Does Santa have to pay his elves for working on Christmas Eve? Does he ever give his elves Christmas off with pay?
With Thanksgiving just behind us and other holidays (Christmas, Hanukkah, Kwanzaa) coming up, I have received a couple of questions about paying employees for holidays. Because it's common practice to give employees a day off with pay for various federal holidays, everyone assumes it's the LAW, but it's not.
The federal law regarding employee pay and working conditions is part of the Fair Labor Standards Act, administered by the Department of Labor. The DOL says:
The Fair Labor Standards Act (FLSA) does not require payment for time not worked, such as vacations or holidays (federal or otherwise). These benefits are generally a matter of agreement between an employer and an employee (or the employee's representative).
"Employee's representative" means union contract, I assume. I also don't know of any state that requires that employees be paid for holidays.
1. If an hourly employee works on a holiday, that employee must be paid for the time worked. Federal law does not require that an employee be paid overtime for holiday work, unless that work is in excess of 40 hours a week. (That's part of the FLSA provisions.)
2. Different types of employees can be treated differently. What you do for full-time salaried employees can be different from what you do for part-time and hourly employees. Full-time salaried employees can be given paid time off for holidays, while you can tell part-time hourly employees that the office is closed and they won't get paid for the day. You must treat all employees in each class the same, though. That is, you can't pay some salaried employees for time off on a holiday and not pay other salaried employees. That's discrimination.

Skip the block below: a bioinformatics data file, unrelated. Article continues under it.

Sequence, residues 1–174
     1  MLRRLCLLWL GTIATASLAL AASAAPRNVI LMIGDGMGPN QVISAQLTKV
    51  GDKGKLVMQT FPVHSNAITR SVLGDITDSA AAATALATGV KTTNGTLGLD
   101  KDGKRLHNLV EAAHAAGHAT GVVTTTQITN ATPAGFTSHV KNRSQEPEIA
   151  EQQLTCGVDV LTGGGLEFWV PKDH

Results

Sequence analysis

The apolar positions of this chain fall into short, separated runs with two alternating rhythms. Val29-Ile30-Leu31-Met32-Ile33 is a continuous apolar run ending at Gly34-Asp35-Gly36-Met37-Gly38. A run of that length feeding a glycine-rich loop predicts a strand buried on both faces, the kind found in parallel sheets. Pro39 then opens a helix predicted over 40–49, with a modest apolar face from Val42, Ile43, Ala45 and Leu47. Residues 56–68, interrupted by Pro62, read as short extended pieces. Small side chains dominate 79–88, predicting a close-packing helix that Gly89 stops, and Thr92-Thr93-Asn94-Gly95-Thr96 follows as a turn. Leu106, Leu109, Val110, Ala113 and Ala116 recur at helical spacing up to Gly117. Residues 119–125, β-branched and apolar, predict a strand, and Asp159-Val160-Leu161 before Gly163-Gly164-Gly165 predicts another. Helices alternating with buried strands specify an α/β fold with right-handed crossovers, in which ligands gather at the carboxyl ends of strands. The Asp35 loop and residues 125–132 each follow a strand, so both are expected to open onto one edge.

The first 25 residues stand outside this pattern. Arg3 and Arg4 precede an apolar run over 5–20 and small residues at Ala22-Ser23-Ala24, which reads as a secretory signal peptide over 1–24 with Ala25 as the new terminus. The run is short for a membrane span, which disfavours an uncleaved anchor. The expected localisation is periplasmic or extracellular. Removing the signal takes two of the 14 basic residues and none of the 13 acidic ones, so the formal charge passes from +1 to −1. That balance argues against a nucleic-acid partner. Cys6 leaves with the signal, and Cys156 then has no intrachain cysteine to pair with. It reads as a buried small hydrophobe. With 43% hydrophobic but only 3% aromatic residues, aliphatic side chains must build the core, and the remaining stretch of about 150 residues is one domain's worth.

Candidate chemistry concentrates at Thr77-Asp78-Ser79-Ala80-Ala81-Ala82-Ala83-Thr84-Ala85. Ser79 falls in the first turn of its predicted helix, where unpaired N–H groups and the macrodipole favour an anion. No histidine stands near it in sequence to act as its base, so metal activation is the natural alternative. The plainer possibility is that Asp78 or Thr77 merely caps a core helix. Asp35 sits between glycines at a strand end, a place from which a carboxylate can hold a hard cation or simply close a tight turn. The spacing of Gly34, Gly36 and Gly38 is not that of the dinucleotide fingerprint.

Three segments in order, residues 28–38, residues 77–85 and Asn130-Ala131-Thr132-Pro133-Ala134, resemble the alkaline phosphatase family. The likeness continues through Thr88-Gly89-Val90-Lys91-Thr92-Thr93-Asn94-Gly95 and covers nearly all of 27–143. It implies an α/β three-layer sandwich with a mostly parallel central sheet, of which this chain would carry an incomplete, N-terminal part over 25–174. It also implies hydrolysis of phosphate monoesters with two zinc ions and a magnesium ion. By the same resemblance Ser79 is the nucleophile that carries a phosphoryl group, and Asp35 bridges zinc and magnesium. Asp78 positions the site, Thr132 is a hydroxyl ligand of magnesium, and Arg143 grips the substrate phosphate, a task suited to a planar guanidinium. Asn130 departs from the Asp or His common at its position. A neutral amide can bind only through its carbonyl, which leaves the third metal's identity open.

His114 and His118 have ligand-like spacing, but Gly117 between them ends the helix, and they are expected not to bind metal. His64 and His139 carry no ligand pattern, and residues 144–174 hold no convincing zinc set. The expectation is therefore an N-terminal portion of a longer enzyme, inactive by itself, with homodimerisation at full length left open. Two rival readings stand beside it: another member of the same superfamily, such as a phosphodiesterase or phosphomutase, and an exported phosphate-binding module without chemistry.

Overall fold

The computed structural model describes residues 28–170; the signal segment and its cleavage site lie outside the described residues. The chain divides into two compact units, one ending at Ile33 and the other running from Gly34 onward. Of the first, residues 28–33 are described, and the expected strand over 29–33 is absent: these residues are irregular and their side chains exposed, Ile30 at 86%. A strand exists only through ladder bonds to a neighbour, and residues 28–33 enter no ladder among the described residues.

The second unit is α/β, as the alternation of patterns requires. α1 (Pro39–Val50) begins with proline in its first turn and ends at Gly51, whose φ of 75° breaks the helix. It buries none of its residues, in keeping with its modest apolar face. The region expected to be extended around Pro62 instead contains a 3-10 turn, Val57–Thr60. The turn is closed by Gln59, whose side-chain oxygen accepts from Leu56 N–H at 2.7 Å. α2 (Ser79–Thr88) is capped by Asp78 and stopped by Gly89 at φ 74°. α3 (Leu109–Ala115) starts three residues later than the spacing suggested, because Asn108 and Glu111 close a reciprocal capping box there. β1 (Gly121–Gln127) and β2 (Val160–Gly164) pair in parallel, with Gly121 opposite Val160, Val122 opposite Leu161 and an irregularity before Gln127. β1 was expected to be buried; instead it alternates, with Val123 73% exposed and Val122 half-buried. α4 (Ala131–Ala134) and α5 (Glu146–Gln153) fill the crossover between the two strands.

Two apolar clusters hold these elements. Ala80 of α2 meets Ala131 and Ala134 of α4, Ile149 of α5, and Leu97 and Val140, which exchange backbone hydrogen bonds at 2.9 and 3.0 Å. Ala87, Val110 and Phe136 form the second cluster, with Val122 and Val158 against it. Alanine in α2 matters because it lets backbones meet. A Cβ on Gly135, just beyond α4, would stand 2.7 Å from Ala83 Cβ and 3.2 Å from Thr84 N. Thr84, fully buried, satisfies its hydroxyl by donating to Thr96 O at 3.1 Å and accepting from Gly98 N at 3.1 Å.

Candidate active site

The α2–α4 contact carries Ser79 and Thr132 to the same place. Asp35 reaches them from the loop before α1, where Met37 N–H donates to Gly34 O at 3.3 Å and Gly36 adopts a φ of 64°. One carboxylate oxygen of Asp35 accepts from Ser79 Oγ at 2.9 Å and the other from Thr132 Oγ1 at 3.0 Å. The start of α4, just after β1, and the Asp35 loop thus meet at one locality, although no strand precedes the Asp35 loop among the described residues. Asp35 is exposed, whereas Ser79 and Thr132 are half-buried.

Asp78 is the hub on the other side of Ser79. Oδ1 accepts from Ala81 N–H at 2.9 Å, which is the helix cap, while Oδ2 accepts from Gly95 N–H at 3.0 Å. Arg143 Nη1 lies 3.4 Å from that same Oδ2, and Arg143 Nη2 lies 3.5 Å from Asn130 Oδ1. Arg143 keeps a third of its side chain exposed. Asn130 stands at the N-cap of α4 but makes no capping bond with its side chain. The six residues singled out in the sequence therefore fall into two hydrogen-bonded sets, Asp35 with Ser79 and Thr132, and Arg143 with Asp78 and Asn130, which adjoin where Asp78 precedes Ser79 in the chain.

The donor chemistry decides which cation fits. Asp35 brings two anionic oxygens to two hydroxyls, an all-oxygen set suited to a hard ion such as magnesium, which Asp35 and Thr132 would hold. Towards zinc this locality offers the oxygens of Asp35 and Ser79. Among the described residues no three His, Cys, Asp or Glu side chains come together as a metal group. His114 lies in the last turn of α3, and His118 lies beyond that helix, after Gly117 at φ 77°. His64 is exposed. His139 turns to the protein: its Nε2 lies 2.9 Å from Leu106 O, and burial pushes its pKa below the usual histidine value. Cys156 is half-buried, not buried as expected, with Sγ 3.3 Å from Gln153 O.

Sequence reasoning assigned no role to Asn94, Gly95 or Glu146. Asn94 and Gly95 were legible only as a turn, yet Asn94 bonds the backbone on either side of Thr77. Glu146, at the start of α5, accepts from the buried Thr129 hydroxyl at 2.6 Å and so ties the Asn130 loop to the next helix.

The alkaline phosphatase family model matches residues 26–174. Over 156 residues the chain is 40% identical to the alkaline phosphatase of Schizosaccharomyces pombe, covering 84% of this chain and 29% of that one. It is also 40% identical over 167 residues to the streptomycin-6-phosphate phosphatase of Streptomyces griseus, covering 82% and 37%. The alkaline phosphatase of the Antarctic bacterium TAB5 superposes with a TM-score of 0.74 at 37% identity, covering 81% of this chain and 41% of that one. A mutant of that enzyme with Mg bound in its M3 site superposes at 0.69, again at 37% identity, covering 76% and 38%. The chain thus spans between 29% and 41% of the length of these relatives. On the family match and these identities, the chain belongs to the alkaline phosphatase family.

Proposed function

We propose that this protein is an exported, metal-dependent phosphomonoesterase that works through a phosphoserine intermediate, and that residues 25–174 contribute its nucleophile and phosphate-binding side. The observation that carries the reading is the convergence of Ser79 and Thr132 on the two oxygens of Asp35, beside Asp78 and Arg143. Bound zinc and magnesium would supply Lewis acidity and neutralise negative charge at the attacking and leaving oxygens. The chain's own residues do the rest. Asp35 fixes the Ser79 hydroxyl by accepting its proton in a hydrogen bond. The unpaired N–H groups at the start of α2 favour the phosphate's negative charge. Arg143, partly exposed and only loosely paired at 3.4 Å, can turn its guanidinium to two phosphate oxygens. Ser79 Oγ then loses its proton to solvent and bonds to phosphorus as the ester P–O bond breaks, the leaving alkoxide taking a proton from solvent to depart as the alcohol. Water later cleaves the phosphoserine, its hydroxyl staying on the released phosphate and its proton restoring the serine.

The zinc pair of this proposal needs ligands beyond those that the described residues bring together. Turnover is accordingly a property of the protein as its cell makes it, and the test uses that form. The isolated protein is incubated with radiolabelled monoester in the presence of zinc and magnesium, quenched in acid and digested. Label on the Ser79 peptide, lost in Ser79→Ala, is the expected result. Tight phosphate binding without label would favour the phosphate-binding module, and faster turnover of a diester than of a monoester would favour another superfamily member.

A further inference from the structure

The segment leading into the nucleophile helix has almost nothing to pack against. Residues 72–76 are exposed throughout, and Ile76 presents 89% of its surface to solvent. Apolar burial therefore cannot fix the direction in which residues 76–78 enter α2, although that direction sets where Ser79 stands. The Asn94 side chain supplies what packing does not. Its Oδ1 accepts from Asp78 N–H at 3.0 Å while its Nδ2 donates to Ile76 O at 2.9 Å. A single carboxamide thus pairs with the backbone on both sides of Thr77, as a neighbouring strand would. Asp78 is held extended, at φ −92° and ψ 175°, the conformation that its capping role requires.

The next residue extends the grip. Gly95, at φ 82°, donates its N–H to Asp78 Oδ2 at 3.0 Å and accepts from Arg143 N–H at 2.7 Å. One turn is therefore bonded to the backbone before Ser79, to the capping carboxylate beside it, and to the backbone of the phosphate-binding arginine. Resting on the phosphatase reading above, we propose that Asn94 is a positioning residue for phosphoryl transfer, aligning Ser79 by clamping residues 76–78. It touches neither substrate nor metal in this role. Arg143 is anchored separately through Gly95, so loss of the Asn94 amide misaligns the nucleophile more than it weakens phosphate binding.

3. You can pay a premium for holiday work. While the federal law doesn't require it, if your business requires that employees work on some or all holidays, you can pay them a premium for work on holidays. Again, just be sure to treat all similar employees the same.
It's always best to put employee policies and benefits in writing. This makes holiday pay questions easier to address. I learned a long time ago, when I worked in what was then called "Personnel" that once you give a benefit to employees, it becomes almost impossible to cancel it. Specifying holidays is limiting for you as the employer, but employees appreciate knowing when they will have a holiday.
If you don't already have one, consider constructing an employee handbook. specifying all employee benefits an paid time off, as well as working rules and procedures.
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